Community Broadcaster: Music, Royalties and Communities — Walking the Walk

Community radio stations and local songwriters, musicians and bands have a symbiotic relationship

The author is membership program director of the National Federation of Community Broadcasters. NFCB commentaries are featured regularly at radioworld.com.

Community radio depends greatly on local and independent artists and their music. From WRAS in Georgia to KFAI in Minnesota, WWOZ in Louisiana to Marfa Public Radio in Texas, many outlets are in cities that celebrate their rich cultural histories through music. In support, many of the artists featured do their best to boost the independent radio stations that give them exposure. It’s time for community radio to more ardently stand by independent artists.

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Many listeners and even some radio stations assume a radio broadcast of a song means the performer gets a royalty. That belief is untrue. Songwriters and publishers receive compensation, but the voices people know and love do not. The labyrinthine regulations consider last the performers that audiences appreciate the most.

Virtually no one believes it’s good for any city or town when a musician isn’t compensated. The artists lose out on a stream of income; they’re less productive and aren’t able to offer as much to area radio or residents; and communities lose out in residual gains when local acts gain momentum. The royalty rules as they’re written today have a tremendous impact on performers, especially independent ones not signed to major labels or their subsidiaries.

Community Broadcaster, Ernesto Aguilar, music royalties, Fair Play Fair Pay Act

This scenario has been a difficult one for years. As the world is seeing through crowdfunding and other means, the importance of supporting makers is critical. The tide is changing. It’s up to Washington to hear it too.

The National Association of Broadcasters just announced that a non-binding resolution, the Local Radio Freedom Act, is garnering attention. The NAB-backed bill proposes that Congress “should not impose any new performance fee, tax, royalty, or other charge relating to the public performance of sound recordings on a local radio station for broadcasting sound recordings over-the-air.” While some of its assertions are questionable, its consequence could present challenges to not just performers, but communities.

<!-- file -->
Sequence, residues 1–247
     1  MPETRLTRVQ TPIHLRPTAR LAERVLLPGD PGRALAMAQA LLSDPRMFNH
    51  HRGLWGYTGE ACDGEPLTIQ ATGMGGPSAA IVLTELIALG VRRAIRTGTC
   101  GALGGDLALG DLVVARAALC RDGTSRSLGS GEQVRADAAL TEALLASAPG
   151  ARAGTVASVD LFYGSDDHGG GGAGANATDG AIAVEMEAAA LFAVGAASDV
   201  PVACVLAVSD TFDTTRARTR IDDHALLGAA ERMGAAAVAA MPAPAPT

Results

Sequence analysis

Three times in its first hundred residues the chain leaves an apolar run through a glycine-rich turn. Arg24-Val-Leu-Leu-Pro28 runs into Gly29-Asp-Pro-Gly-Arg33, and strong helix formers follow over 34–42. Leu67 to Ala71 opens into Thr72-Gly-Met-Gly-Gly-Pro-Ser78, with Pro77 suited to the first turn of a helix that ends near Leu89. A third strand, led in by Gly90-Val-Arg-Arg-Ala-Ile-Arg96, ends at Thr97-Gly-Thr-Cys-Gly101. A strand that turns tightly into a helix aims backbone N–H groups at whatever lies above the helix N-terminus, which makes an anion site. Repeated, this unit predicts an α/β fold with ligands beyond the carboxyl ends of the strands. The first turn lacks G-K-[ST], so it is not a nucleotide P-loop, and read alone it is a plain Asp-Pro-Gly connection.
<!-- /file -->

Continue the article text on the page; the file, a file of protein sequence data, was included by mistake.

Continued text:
LRFA makes a number of dubious claims. In spite of the name, NAB and its supporters largely are not local radio. Their programming, for the most part, does not reflect a one-third, one-quarter or even one-tenth of local public affairs and music. There is no local ownership. Their playlists come from a formula concocted in marketing laboratories far from the city of broadcast. The focus is not in lifting up a community’s local arts and music.

LRFA argues paying artists would mean a reduction in local services. Given how few actual services NAB’s members like Cumulus provide to the local music scene, such positions seem like rhetorical shell games. On the other hand, noncommercial, educational radio supports local music. Community radio has everything to gain in terms of equity when it gives back to the arts, because they in turn bolster community radio.

The notion that stations should not support musicians opens up conversations that may reveal why we’re in radio in the first place.

Your region’s musical artists contribute to your community’s culture. They give a local area color and make it a destination. After all, what would Austin, Memphis, Kansas City and Seattle be without a deep identification with local music? Stations benefit when there’s a robust local music scene, as do communities. What goes to musicians will lift up everyone.

I first became a community radio DJ and am today an advocate for community radio because I see it as a benefit to regions. I believe radio is a partner with my city. I contend most community radio, the stations ostensibly represented by something dubbed local radio, care about performers. Most of the community broadcasters I speak to believe such an obligation may require we share what little we have, because it’s the right thing to do.

It is true that believing in and programming music under new models would mean noncommercial radio would be subject to some added costs. Seriously though, we’re talking pennies ultimately. Alternative bills like the Fair Play Fair Pay Act would protect small broadcasters, while ensuring artists get the direct payments they deserve, particularly from the commercial broadcasters who reap far more than noncommercial broadcasters do. Groups like the Future of Music Coalition speak out often on the shared destiny of musicians and community radio.

I’m not a lawmaker, a lobbyist or even a musician. I do encourage community radio to appreciate its local music scene and to ensure stations support communities.

 



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